The language expressed was common in the context of it’s publication, and it may be reflective of the greater society’s ignorance to the native African’s, with Marlow too, being constructed as a product of his society, therefore his views and opin... ... middle of paper ... ...the character of Marlow who is a product of his time. Although Achebe, among many others may be correct in saying that Conrad portrays the natives as the ‘other’, it’s the manifestation of Conrad, and the society of the time which leads to this portrayal. Works Cited Achebe, Chinua [An Image of Africa: Racism in Conrad's Heart of Darkness.] Heart of Darkness. By Joseph Conrad 3rd ed.
...ss." Heart of Darkness and The Secret Sharer. New York: Barnes and Noble, 1994. 1-137. Guerand, Albert J. Conrad the Novelist.
It is evident that Marlow is one of the few white men on the journey that questions the belief at the time that the natives of Africa are "inhu... ... middle of paper ... ...ch open up the readers mind. Joseph Conrad's "Heart of Darkness", raises many questions about society and the human potential for evil. Works Cited and Consulted: Conrad, Joseph. Heart of Darkness 3rd Ed. Ed.
. I realized that I was one of those savages jumping up and down on the beach. Once that kind of enlightenment comes to you, you realize that someone has to write a different story" (Gikandi 8-9); Achebe openly admits that he wrote Things Fall Apart because of the horrible characterization of Africans in many European works, especially Heart of Darkness. In many ways, Chinua Achebe's Things Fall Apart can be seen as an Afrocentric rebuttal to the Eurocentric depi... ... middle of paper ... ...t of Darkness. Works Cited Achebe, Chinua.
"(Page 29 HOD), and this is a clear evidence that proves how Marlow’s morals have been destroyed as he moves to each station. In conclusion, Heart of Darkness de-humanizes Africans, denies their language and culture and under estimates them by calling them with humiliating names. Heart of Darkness reveals the absolute hypocrisy of Europe. In Europe, colonizing Africa was necessary because it would not only bring wealth to Europe but it would also civilize and educate the “savage” African natives. It shows that the European colonizers used the high ideals of colonization as a cover to allow them to collect whatever wealth they could from Africa.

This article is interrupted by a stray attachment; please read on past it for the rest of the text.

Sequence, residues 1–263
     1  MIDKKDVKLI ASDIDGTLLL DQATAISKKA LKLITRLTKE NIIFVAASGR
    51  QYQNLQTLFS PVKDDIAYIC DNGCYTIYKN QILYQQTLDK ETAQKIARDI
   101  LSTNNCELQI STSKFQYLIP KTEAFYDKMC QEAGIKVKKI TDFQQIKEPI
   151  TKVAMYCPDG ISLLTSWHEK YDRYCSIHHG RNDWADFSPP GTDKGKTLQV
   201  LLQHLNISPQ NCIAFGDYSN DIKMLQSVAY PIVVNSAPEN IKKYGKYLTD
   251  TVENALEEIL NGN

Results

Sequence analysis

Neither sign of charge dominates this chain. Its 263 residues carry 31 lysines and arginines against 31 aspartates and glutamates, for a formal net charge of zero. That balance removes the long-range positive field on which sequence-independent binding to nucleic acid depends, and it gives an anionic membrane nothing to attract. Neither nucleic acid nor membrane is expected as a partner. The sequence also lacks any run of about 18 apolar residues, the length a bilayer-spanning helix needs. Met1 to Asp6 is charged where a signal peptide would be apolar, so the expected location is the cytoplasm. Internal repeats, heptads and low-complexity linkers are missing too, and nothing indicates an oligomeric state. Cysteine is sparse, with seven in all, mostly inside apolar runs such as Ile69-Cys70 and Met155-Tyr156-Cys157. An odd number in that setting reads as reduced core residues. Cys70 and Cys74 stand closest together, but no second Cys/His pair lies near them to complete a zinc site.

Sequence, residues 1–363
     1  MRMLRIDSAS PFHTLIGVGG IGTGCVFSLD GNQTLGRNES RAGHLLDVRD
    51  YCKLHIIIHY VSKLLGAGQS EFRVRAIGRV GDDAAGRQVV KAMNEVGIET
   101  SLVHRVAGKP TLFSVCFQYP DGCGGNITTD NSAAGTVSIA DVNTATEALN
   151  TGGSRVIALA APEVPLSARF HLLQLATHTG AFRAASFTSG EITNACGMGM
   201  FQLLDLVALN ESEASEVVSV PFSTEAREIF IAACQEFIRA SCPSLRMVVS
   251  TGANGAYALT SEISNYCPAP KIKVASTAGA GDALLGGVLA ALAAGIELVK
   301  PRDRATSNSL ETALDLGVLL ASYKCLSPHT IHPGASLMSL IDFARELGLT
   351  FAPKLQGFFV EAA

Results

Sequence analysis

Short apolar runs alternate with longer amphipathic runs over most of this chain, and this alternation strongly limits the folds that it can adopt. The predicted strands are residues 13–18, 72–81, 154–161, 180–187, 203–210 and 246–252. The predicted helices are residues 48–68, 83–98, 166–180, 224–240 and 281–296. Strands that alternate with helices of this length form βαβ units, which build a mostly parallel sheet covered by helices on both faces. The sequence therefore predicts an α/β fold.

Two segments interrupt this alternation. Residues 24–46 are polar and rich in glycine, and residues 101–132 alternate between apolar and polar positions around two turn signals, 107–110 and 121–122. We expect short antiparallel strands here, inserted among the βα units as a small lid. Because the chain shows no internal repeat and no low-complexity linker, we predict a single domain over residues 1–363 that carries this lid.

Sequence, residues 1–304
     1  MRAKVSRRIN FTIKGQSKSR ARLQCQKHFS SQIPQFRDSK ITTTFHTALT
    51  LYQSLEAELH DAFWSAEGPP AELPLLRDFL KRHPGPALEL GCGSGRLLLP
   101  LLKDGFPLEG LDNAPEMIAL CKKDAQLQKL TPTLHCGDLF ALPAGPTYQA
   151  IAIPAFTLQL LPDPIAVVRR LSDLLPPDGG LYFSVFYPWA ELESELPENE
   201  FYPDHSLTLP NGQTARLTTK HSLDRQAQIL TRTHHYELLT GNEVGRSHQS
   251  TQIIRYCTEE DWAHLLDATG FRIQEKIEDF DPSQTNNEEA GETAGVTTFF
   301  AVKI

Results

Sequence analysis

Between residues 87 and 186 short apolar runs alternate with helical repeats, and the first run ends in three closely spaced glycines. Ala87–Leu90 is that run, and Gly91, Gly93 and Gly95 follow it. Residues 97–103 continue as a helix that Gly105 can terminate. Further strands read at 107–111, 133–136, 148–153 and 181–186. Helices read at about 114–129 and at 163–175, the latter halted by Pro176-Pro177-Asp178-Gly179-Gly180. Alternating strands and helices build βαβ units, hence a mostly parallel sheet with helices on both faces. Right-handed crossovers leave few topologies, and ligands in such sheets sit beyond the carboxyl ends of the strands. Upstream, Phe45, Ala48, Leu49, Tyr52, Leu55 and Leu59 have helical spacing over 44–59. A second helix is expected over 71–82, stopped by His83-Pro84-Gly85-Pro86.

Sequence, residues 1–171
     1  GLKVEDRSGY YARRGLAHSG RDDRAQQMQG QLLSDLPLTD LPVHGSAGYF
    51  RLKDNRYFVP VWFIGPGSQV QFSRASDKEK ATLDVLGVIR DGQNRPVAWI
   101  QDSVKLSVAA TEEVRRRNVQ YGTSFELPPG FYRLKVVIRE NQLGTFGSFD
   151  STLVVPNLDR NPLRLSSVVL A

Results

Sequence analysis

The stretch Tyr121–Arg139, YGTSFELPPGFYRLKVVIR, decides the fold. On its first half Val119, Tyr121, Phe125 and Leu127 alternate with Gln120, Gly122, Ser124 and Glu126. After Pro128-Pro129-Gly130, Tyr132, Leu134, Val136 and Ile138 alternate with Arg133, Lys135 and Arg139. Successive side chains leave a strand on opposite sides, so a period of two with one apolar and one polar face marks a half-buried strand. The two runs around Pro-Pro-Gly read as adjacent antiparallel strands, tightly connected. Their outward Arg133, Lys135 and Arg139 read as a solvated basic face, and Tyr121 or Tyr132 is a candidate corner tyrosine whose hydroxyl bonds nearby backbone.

“Natural resources inspire the most unnatural greed”. Natural resources account for the primary reason that Europe deemed it necessary to lay claim to Africa. As Cesaire points out in his essay Discourse on Colonialism there were many surface excuses given by Europeans for traveling to Africa, like missionary work, extending the rule of law, and curing diseases. Cesaire argues, “no one colonizes innocently” (Cesaire 39). This statement holds especially true for the Belgian colonizers of The Congo.
Conrad depicts his ideas about Africa in this way as well as through the character of Marlow. As author Gary Adelman comments on this in his book Heart of Darkness Search for the Unconscious "Africans, in their free state, as described by Marlow, epitomizes not only the primitive condition of humankind, but also an actively demoralizing influence, which a white man coming to Africa must challenge." (p. 69) In many description located in the novel Conrad depicts Africa and it’s people as being dark and of inhuman nature. "It was unearthly, and the men were -No, they were not inhuman. Well, you know, that was the worst of it -this suspicion of t... ... middle of paper ... ... Darkness is that he meant the darkness and wickedness that he saw and associated with European colonialism and imperialistic rule of Africa.
The African Elites have always been the puppets in which the West uses in controlling the peoples of Africa. This is self-evident during the colonial period. As history has showed, African countries have fallen into one label or the other for example “failed states” , “Less economically Developed countries”, “corrupt nations” etc. Nayar (2010) discusses this in his essay but looks at it from the third world view in a whole. Thus, with these labels often given to African countries, the “West” often propose solutions in which they can help the African countries escape from the label and it’s disadvantages.